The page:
A Tribute to ColoCategory: Issue 54, Zoos
On 22 December 1956, the Columbus Zoo made history with the birth of the first zoo-born gorilla. Eventually named Colo in honor of her birthplace, this 3 ¼-pound baby sent a wave of excitement through the zoological community. Over a million visitors came to see Colo during her first year and many more followed her story through daily updates in the New York Times. Her story was featured in both Life and Time magazines. During the first years of Colo's life she was dressed in frilly outfits with hats and treated like a princess. Though she spent most of her time in a nursery that had been built especially for her, she was taken over to the main gorilla enclosure for visits with her parents. In 1958 Colo was paired with a 19-month-old (estimated) wild-born male named Bongo.
Colo and Bongo became parents on 1 February 1968 with the birth of a baby girl. The pair produced two more offspring together, before losing interest in breeding. Although she was not allowed to rear any of her offspring, Colo exhibited excellent maternal skills towards her granddaughter, Cora. She officially became a surrogate mother in 1987 when she raised Macombo II and Mosuba, the first gorilla twins to be born in the western hemisphere. Colo also acted as a surrogate for her grandson, named J. J. after Columbus' own Jungle Jack, the former director of the Columbus Zoo, as they share the same birthday. Although Colo had never had experience carrying an infant on her back, she allowed J. J. to climb on her and she carried him around the habitat. Colo equally enjoyed her role as a great-grandmother and was regularly seen caring for her great-grandsons, often carrying them into and from the outdoor habitat each day.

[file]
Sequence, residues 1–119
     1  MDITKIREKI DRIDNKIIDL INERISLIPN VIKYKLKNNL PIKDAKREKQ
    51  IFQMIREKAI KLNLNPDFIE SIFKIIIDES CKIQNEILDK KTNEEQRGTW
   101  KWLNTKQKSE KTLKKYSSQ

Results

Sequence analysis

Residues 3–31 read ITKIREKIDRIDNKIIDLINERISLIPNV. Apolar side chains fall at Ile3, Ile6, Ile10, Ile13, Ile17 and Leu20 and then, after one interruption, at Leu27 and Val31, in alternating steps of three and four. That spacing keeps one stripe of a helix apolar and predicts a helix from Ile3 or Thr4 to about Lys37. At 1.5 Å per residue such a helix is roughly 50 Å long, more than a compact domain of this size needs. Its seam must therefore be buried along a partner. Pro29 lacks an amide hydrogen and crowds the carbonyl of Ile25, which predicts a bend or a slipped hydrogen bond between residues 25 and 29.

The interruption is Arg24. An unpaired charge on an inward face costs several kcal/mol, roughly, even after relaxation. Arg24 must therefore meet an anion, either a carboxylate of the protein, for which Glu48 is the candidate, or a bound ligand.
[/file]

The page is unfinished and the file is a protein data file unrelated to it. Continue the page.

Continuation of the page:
After many years of group life, in her mid-40s, Colo chose to leave group life behind by seperating herself. She was kept next to her "chosen group" and enjoyed interacting with them through the barriers, often adding her voice to their disputes and even sharing items with her great-granddaughter. Over the years she would enjoy occasional visits from her daughter Toni and a male named Mumbah, but she was happiest to spend her time alone. Colo adored her keepers and regularly instructed them in the proper ways to do things. She also thoroughly enjoyed interacting with the visitors and would strut back and forth modeling her latest baseball cap for them.
Colo lived well beyond the median life expectancy for a female gorilla, turning 60 years old in 2016. The zoo celebrated the occasion with a birthday party in her honor highlighted by many celebrity tributes. She currently holds the world record as the longest lived gorilla. After a full day delighting her visitors, Colo passed away peacefully in her sleep on 17 January. Her legacy lives on through her three children, 16 grandchildren, 12 great-grandchildren, four great-great-grandchildren and millions of fans. Her life helped to educate people about the struggles gorillas are facing in range countries and the actions we can take to help. She was an amazing ambassador for her species and friend to her keepers. Her impact will continue to be felt by those who knew her best.